BENEFITS OF XBRL
XBRL enables organizations to share data electronically in a secure and trusted manner. "This means organizations don't need to worry about data conversions or supplying data to others who would then try to interpret it," explains Peter Millar, director of product marketing for ACL Services Ltd. and a member of XBRL International. "Data errors can be introduced whenever there is a data conversion process. However, if there is a trusted, standardized way to share information electronically, data corruption risks or losses are decreased, which, in turn, increases data integrity when sharing information." As a result, XBRL allows organizations to securely share electronic data by using a specific taxonomy, thus reducing data conversion risks.
Besides streamlining the data exchange process and reducing data conversion risks, XBRL benefits internal auditors in their day-to-day work. "Organizations need to accumulate data from different business units," Millar continues. "When data is sent to the internal audit department in a standardized format, the work of internal auditors is streamlined, thus enabling them to dive into their work as opposed to spending a lot of time with data imports and conversions and trying to rationalize data from different sources."
According to both Willis and Cohen, one of the reasons XBRL was developed was to enhance the flow of information throughout the business reporting supply chain. "There are many pervasive supply chain problems that exist today due to the lack of an open information standard and the reliance on proprietary formats to exchange information between parties," says Willis. These problems include:
"XBRL enhances the work of internal auditors by addressing these pervasive information problems and enabling them to do more at a lower cost," Willis adds. For instance, XBRL allows auditors to:
In addition, XBRL enables internal and external auditors to review business information from remote locations. "Imagine that you are an auditor working for the Federal Deposit Insurance Corp., which regulates banks all across the U.S. and you get a report that states something is wrong with a bank," Hoffman explains. "Instead of sending the auditor on a plane ride, he could simply get more information about the report online by accessing the information electronically via a Web service."
To learn more about XBRL, auditors can visit the following Web sites or read the articles listed below:
XBRL also can be used to overcome many of today's audit and control problems, reducing the risks associated with manual entry and re-entry of information, increasing integration, and permitting the use of centralized and standardized rules and tests. "With XBRL GL, auditors can pull information from disparate systems in a single standardized form, potentially in real-time, which simplifies the audit process and enables auditors to review more data in more detail and more frequently," Cohen says.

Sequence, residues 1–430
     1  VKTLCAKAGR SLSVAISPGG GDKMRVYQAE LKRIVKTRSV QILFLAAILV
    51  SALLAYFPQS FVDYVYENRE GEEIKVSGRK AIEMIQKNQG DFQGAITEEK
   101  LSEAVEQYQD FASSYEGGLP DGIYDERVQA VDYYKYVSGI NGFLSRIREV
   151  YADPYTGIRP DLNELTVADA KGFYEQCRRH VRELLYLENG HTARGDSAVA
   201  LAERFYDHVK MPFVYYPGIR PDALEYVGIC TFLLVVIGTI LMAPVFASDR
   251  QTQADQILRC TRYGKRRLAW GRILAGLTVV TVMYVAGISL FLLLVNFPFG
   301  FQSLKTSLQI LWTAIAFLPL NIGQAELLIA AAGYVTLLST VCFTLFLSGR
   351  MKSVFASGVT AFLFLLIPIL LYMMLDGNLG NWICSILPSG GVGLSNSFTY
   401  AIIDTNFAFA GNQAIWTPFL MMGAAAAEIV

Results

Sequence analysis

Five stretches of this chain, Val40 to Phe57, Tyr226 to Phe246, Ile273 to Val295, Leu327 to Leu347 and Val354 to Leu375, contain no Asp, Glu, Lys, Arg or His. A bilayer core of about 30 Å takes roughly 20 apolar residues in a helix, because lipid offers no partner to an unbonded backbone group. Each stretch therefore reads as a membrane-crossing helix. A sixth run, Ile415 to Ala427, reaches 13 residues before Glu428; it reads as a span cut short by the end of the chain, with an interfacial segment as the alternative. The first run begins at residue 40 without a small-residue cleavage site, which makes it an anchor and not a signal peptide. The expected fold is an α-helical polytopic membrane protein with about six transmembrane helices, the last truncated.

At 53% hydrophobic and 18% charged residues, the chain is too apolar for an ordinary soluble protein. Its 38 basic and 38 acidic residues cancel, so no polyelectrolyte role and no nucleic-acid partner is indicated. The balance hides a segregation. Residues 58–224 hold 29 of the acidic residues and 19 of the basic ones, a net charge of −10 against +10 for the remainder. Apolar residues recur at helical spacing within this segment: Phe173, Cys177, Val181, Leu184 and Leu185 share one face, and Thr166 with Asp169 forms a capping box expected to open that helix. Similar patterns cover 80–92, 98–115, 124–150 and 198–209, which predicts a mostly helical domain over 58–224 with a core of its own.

XBRL is a markup language for the electronic communication of business information that streamlines the process of sharing data from one application to another or from one business unit to another. "XBRL was developed because it solves the problem of data transfer among different applications both internally and externally," Hoffman comments. "Therefore, organizations should use XBRL if they want to do something better, faster, or cheaper than what they are doing right now."
A major misconception is that XBRL has to be implemented by the IT department. As Hoffman explains, "XBRL is a business tool. There is no reason why an internal audit department can't experiment with new prototypes. That's how people check things out and see if they are worthwhile." Therefore, auditors should use XBRL to determine if it is beneficial to their work. "Auditors first need to understand XBRL," concludes Gray. "Once auditors understand how it works and its benefits, they can form the business case for its use."
Taking this first step will enable auditors to enhance the way business information is accessed, shared, and reported. "Internal auditors should see XBRL as an opportunity to reduce the risks associated with the misinterpretation of information and to make organizations more efficient. This will help them to add value to the organization and become agents of change," Millar concludes.